Ame Oikawa is an extremely shy middle school girl. She's so withdrawn she spends more time with her collection of toys than socializing. However, during a school field trip to an amusement park, she sees a plushie of an unpopular character get knocked down from a bargain bin. Feeling sorry for the toy, she decides to buy it. However, to her delight and amazement, her new purchase comes to life!
Immediately, the whole amusement park goes into an uproar as the plushie Nicori starts walking and talking before the astonished crowds. Camera crews burst onto the scene to cover the astounding phenomenon. Nicori, who is determined to make himself famous, soaks up his newfound attention with glee, and as Nicori's owner, shy Ame is thrust into the spotlight as well. With Nicori in her life, the shy girl is in for a lot of changes.
In the mangaka's closing note, she admits to being a fan of Toy Story and Pixar, and so she has made her own contribution to the world's collection of stories about toys coming to life. Unlike Toy Story, however, her story is less about the secret lives of toys and more about what happens to a group of ordinary middle schoolers when a plushie decides to break the rules and come to life. There are two brief instances where Nicori interacts with one another plushie and a couple flashbacks of brief conversations in the Nicori plushie sales bin, but the remaining interactions in the story take place between Nicori and humans or just between humans.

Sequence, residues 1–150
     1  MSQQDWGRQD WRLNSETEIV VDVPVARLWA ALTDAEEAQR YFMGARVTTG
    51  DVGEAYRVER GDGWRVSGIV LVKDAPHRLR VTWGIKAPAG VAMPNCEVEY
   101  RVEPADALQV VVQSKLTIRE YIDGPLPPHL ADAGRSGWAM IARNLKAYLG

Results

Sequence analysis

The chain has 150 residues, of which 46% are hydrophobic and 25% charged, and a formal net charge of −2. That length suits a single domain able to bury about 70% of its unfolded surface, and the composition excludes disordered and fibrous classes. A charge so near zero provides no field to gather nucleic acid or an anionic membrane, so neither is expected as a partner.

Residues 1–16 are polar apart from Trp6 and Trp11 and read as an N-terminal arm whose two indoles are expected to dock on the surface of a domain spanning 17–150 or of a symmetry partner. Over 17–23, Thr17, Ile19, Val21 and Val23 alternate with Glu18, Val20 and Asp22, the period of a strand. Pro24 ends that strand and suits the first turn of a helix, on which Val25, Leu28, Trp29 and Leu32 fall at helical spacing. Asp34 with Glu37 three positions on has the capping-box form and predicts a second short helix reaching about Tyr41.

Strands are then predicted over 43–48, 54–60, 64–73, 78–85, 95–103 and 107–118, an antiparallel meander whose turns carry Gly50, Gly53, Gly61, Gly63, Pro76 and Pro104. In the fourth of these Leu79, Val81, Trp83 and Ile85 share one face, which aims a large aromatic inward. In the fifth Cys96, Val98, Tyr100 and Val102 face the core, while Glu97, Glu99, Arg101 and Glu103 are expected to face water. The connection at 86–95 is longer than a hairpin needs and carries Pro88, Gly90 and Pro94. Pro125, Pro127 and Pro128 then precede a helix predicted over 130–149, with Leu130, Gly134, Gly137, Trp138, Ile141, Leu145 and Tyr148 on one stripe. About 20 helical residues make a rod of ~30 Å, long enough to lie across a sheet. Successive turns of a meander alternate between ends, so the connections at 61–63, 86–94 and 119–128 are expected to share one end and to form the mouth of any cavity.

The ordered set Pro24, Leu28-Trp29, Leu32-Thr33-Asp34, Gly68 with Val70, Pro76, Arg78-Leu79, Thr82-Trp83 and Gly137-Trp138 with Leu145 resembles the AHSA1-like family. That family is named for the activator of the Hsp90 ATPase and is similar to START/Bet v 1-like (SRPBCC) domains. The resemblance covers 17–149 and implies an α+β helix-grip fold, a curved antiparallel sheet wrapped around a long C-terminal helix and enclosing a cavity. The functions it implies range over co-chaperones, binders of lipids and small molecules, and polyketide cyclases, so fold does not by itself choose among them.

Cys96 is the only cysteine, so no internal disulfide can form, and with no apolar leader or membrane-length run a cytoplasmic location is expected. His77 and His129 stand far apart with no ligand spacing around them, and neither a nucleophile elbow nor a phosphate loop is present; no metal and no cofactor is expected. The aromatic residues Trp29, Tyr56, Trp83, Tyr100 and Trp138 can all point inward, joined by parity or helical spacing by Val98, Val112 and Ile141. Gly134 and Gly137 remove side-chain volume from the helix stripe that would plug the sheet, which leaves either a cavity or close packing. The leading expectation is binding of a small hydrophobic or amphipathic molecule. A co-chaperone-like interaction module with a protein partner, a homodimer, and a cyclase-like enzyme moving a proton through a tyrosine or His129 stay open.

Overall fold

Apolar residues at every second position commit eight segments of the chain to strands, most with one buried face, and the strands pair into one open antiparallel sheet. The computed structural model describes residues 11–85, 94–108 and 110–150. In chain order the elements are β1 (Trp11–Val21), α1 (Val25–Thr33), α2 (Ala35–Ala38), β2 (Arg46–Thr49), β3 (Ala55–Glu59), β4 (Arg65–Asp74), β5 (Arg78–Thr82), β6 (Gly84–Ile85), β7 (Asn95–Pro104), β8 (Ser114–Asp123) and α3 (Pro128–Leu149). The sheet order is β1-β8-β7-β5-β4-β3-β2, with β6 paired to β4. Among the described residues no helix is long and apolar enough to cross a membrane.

The human cast of Minima! is made up of a bunch of stereotypical characters. The main character, Ame, is one of those middle schoolers who is so painfully shy she can't speak up for herself and does not have the courage to talk to her crush. Her crush, Masahiro, is a standard bishounen, who is adored by the entire school. Then there is Midori, the classic neighbor/childhood friend who is always there to encourage and get Ame out of trouble. We also have the combination good friend/tomboy Kei and the gaggle of nasty girls that spend all their time snubbing those outside their clique and swooning over gorgeous Masahiro.
For Ame, the story is all about the awkwardness of adolescence. She’s extremely quiet and spends most of her time and effort on her collection of toys and character merchandise, partly because she loves toys and partly because they're easier to deal with than people. However, once Nicori comes crashing into her world, she's in for a lot of change. She winds up discovering who her real friends are and aren't, speaking up for herself, and actually talking to the object of her crush.
As for Nicori, he's a bit hard to warm up to. As mentioned in the ART section, he's not that cute as far as looks go, and his personality is even more un-cute. He has severe self image issues, which manifest themselves as an obsession with wanting to be famous and adored. He is also extremely ignorant when it comes to the subtle meanings of human interactions. He talks down to Ame and her friends and treats them as if they are the toys and he is the owner. However, he eventually grows out of his selfishness as he starts to discover how much Ame cares for her toys and begins to care for her himself.
So if you are interested in a manga about middle school social awkwardness or toys coming to life, you may want to give Minima! a try. This title is rated "teen” for a kidnapping scene, an anxiety attack, and violence to plushies.